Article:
It’s Oliver’s second day at school and I’m away on a job—all I want is to see his face when I to drop him off and pick him up.
It’s Mama’s turn. She makes a special effort to wakeup earlier than usual and finds the way to juggle getting herself and Oliver ready for the day. They jump in the shower together, dry up and he gets his diaper. While he downs the morning bottle of milk she’s putting on lotion and makeup (a little TV goes a long way here). When the bottle is finished, on go the clothes. But it all started the night before when Mama put together his breakfast bag.
Sara is very thoughtful that way.
Today was difficult.
They highway system collapsed and what should have been a 30 minute trip to school became a slow moving, stop and go, two hour odyssey that churned Oliver’s stomach. He had to sit in his own vomit for a good part of the voyage.
One word comes to mind as I think of this scenario: misery.
Sara called from the highway-turned-parking-lot to tell me all about it. She was worried. Would it be okay with the teachers there? I assured her they are wonderful people and it wouldn’t be an issue. Still, could I call and let them know? I did. The teacher was understanding an light-hearted. It wasn’t just Sara, she informed me, all the roads accessing the area were collapsed. She shouldn’t worry.
Just get to the school, I assured her. Someone will have spare clothes or maybe they had an extra uniform t-shirts. The red t-shirt with an embroidered insignia is optional. (We’ll be packing a spare set of clothes for when this happens again.)
By the time they arrived at school, Sara was getting ready for a difficult parting.
Puking, two hours confined to a baby seat and drenched—it didn’t look good.
She took him out of the seat and he gave her the best body hug a parent could hope for. Arms around the neck and legs tightly wrapped around her waist. Relief. But he wasn’t letting go.
Like this, vomit transferring from son to mother, they walked to the gate. Oliver saw his teacher, knew where he was and relaxed. He got down, ran to the teacher, gave her a big pukey hug and said “Shirt. Change shirt.” He turned to Sara and said “Bye-bye Mama.”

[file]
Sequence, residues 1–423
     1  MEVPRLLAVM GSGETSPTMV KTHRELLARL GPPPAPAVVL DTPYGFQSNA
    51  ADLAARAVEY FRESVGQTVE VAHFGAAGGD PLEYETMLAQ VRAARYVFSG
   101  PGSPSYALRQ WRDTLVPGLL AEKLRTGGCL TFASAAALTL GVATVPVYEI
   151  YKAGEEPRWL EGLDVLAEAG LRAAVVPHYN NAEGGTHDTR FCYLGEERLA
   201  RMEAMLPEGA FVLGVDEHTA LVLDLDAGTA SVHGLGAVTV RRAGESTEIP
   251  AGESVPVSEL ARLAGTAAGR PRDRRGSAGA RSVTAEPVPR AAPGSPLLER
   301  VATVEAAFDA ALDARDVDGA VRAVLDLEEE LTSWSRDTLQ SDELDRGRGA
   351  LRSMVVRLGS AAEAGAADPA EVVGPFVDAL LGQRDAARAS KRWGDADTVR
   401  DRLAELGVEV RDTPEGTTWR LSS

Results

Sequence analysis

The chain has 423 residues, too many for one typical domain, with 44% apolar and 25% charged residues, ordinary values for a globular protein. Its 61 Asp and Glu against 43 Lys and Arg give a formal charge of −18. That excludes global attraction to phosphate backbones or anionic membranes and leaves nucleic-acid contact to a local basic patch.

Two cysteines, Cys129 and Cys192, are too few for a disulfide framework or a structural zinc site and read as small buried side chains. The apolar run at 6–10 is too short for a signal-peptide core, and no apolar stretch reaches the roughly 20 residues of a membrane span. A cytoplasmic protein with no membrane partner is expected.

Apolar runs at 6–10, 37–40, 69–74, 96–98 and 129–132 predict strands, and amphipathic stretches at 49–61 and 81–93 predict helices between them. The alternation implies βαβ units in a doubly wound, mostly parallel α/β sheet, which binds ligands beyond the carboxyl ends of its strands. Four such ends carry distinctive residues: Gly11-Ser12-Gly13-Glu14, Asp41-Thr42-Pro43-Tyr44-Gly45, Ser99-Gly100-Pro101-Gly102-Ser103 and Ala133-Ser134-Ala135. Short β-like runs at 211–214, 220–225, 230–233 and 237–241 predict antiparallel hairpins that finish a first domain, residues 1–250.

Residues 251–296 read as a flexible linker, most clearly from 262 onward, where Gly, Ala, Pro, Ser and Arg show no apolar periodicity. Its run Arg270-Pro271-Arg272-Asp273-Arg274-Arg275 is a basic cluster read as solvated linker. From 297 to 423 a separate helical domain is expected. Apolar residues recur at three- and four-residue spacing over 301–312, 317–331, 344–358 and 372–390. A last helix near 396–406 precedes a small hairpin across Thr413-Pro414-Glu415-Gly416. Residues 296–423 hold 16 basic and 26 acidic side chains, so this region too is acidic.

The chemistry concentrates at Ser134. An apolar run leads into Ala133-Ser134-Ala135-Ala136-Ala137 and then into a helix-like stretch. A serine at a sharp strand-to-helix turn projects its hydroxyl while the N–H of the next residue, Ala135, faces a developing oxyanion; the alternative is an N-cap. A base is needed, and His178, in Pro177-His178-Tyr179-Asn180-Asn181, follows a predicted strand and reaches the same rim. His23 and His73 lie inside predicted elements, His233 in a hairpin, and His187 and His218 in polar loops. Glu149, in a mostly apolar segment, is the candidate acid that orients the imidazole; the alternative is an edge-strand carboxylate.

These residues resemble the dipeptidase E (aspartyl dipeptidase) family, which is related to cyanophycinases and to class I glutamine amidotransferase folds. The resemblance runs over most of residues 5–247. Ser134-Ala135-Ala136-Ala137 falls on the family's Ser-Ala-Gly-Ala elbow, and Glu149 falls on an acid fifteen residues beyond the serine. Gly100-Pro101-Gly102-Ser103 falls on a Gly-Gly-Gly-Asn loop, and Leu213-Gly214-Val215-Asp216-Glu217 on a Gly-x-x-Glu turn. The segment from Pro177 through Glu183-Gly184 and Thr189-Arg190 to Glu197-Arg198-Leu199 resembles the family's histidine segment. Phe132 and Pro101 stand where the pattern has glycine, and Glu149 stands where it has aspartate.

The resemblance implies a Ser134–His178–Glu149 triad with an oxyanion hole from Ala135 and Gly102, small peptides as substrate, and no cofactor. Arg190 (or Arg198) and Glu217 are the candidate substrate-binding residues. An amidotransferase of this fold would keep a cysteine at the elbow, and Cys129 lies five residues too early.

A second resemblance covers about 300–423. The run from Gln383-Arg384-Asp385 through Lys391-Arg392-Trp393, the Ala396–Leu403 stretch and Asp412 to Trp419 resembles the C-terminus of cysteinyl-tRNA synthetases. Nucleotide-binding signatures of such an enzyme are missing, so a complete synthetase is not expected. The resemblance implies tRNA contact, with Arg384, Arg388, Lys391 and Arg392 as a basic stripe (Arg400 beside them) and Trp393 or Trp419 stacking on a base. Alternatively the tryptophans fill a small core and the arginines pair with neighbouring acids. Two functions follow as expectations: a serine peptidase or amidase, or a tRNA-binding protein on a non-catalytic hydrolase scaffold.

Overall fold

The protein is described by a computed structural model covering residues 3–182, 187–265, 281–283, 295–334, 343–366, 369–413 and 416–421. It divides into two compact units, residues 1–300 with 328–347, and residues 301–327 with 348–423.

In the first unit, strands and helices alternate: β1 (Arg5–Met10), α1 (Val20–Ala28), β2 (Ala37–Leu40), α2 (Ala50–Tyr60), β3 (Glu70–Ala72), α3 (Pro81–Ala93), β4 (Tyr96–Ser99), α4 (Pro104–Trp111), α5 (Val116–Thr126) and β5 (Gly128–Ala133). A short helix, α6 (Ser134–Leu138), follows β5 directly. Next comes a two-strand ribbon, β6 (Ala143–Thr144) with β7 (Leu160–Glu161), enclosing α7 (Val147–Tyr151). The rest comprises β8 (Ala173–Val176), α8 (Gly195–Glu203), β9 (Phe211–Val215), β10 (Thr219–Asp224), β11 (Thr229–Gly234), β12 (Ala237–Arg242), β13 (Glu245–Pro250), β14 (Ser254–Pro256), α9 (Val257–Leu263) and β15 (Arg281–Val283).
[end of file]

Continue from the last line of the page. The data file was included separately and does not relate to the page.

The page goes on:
My heart is so full of pride it could burst.
Sara and I have made it a goal to raise a confident, self-assured, loving child. We co-sleep (though he starts in his own bed), use non-violent parenting, try to validate his needs rather than assume he “just wants attention” or is “just being a brat.”
It takes more patience than I ever thought I had—I’ve lost my patience more times than I want to confess.
I’m proud of him; he didn’t cling to the awful mess he was in. He knew we trusted the people where we were going. They honor that trust and treat Oliver with love and kindness. He has the confidence to know everything is good. That there are people around him to care for him when he has needs.
For now, the world is his oyster and he owns it.
Besides, to him, it was just some puke. It wasn’t good or bad, it just was. We adults were more concerned than he.
For him, being wet and stinky is nothing—it beats feeling car sick. The dirty, wet, stinky shirt was insignificant in the grand scheme of things. He could probably have gone through his day wearing the shirt without letting it get him down.
Thinking of this, I am reminded of how much consternation we put into things that can be fixed, like changing or rinsing a shirt. Or how we fret over things there is nothing we can do about, like being stuck in a traffic jam. Or how much we worry about the unknown, like how will Oliver react to being dropped off in this condition.
Oliver just lives in the moment; he’s happy his Mama rescued him from the chair. He’s happy to be in a place where he has fun—he knows the people around him care for him.
Some days are better than others; when things go bad we could take a cue from Oliver.
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Editor: Bryonie Wise
Photo: Richard May/Flickr